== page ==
Submitted by Anonymous on Tue, 01/21/2020 - 00:36
Submitted by Anonymous on Mon, 12/23/2019 - 04:22
This piece originally appeared in IFPRI.org.
BY ANTOINE BOUËT, DAVID LABORDE, FOUSSEINI TRAORÉ AND SWATI MALHOTRA
Submitted by s.malhotra on Wed, 09/18/2019 - 11:53
A new report from the Alliance for a Green Revolution in Africa (AGRA) finds that millions of small- and medium-sized enterprises (SMEs) source directly from millions more smallholder farmers across Africa South of the Sahara. These SMEs, often led by women, include food processors, wholesalers, and retailers. SMEs provide a range of services, from transport and logistics to the sale of inputs such as fertilizer and seed to farmers.
Submitted by Anonymous on Tue, 03/12/2019 - 18:09
By: Alan de Brauw and Sylvan Herskowitz. This piece originally appeared on the A4NH blog.
Submitted by Anonymous on Tue, 12/11/2018 - 16:39
BY Nnaemeka C. Ikegwuonu
One in a series of guest blog posts from leading voices in global development on achieving long-term sustainability and growth while ending hunger, poverty, and malnutrition. This originally appeared on IFPRI.org.
Submitted by Anonymous on Thu, 07/12/2018 - 18:30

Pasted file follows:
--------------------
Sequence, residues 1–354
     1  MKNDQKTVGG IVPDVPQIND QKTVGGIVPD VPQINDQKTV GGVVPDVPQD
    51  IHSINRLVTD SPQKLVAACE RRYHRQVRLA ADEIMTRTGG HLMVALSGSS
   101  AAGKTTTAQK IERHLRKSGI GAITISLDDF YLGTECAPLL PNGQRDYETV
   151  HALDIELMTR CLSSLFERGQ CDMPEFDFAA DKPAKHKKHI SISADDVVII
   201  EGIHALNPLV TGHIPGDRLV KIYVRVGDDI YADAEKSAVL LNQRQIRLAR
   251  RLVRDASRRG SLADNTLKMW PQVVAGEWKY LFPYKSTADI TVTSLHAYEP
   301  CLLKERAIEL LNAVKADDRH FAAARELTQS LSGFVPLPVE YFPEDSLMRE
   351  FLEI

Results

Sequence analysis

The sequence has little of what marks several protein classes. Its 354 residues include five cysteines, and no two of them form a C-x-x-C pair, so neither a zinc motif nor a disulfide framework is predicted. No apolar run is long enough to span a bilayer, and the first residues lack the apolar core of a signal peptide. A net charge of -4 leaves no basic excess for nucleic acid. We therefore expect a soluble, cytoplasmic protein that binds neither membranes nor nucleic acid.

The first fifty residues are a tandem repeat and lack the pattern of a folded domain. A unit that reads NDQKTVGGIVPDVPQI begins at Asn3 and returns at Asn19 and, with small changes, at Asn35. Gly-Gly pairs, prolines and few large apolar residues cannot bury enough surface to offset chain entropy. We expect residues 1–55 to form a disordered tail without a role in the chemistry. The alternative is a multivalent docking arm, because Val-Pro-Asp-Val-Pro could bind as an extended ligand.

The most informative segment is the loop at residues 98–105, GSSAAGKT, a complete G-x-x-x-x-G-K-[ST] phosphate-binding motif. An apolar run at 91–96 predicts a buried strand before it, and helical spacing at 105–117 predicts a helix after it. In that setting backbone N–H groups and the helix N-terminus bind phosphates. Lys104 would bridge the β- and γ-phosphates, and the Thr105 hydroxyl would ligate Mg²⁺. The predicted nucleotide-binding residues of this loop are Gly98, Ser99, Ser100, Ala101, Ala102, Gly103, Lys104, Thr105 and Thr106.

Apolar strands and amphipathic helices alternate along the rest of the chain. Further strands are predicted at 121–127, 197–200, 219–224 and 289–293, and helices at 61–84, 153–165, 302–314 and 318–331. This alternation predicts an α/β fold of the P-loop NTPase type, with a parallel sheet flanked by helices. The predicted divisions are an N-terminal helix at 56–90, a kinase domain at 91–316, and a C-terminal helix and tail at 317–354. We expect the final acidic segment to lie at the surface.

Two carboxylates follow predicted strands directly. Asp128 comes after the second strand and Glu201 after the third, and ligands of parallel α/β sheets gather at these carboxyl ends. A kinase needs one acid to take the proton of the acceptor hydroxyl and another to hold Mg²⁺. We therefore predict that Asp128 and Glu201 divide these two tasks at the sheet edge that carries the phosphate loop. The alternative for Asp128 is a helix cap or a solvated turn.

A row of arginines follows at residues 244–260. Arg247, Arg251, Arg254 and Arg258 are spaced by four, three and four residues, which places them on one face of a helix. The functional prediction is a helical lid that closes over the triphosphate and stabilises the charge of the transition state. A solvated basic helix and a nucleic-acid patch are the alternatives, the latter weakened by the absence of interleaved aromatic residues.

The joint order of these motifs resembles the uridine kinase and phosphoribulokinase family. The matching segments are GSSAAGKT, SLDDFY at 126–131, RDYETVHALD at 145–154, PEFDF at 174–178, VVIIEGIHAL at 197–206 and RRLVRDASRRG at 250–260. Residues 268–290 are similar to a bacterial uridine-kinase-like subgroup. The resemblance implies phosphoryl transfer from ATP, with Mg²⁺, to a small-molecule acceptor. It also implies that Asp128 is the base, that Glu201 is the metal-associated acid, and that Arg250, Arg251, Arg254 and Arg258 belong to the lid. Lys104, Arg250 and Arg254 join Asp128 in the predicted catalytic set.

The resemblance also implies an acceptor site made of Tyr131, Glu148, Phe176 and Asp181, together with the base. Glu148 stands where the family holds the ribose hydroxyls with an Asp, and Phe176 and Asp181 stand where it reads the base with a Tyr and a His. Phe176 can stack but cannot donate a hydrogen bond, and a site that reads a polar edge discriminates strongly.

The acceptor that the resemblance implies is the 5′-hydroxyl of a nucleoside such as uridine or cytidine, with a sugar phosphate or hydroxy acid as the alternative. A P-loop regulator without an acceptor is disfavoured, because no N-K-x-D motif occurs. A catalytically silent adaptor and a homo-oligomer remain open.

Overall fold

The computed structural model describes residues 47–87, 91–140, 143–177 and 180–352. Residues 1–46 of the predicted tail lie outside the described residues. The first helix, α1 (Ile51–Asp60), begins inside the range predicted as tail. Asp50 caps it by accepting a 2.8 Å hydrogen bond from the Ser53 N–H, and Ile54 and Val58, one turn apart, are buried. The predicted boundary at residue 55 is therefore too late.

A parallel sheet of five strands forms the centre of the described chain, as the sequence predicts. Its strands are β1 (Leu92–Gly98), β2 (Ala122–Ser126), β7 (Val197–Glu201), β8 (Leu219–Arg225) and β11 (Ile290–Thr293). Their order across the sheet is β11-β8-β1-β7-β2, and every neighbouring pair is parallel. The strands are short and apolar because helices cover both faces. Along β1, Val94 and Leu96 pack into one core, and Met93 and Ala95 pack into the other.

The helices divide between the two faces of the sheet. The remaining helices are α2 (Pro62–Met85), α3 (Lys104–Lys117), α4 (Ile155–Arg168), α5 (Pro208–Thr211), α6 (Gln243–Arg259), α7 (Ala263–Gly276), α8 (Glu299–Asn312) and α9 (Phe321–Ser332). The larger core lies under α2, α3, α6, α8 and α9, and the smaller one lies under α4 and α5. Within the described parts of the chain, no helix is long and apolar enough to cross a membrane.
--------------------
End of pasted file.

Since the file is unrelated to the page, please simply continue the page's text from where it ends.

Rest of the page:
As crop prices move throughout the year, they influence households’ consumption decisions, farmers’ production decisions, and traders’ marketing decisions. As such, it is important to understand price seasonality in local contexts in order to design appropriate policy interventions.
Submitted by Anonymous on Tue, 01/09/2018 - 23:05
Since June 2016, FEWS Net has followed the market situation in Nigeria; the country faces continuing economic challenges due to a global decline in crude oil prices and a depreciation of the national currency, as well as ongoing conflict in the northeastern regions. In the latest Nigeria Market Monitoring Bulletin, FEWS Net provides several updates of the implications of these challenges for the country and the region.
Submitted by Anonymous on Tue, 11/28/2017 - 20:58
Submitted by Anonymous on Mon, 10/30/2017 - 13:08
Africa south of the Sahara continues to struggle against an invasion of Fall Armyworm. Since its first appearance in Nigeria in early 2016, the pest has spread to 28 countries. Driving the rapid spread of the pest is the region’s climate – fall armyworm tends to thrive in areas where drought is followed by heavy rains, a pattern that has intensified in recent years in many areas of Africa south of the Sahara.
Submitted by Anonymous on Tue, 10/03/2017 - 14:58
Since the food price crisis of 2007-2008, there has been significant attention paid to the issue of price transmission from global to national markets, particularly in developing regions such as Africa south of the Sahara. A new paper published in the Journal of Agricultural Economics looks at seven key food security crops in Nigeria - maize, millet, sorghum, rice, cassava, yams, and cowpeas - to assess local (both urban and rural), regional, and international price transmission.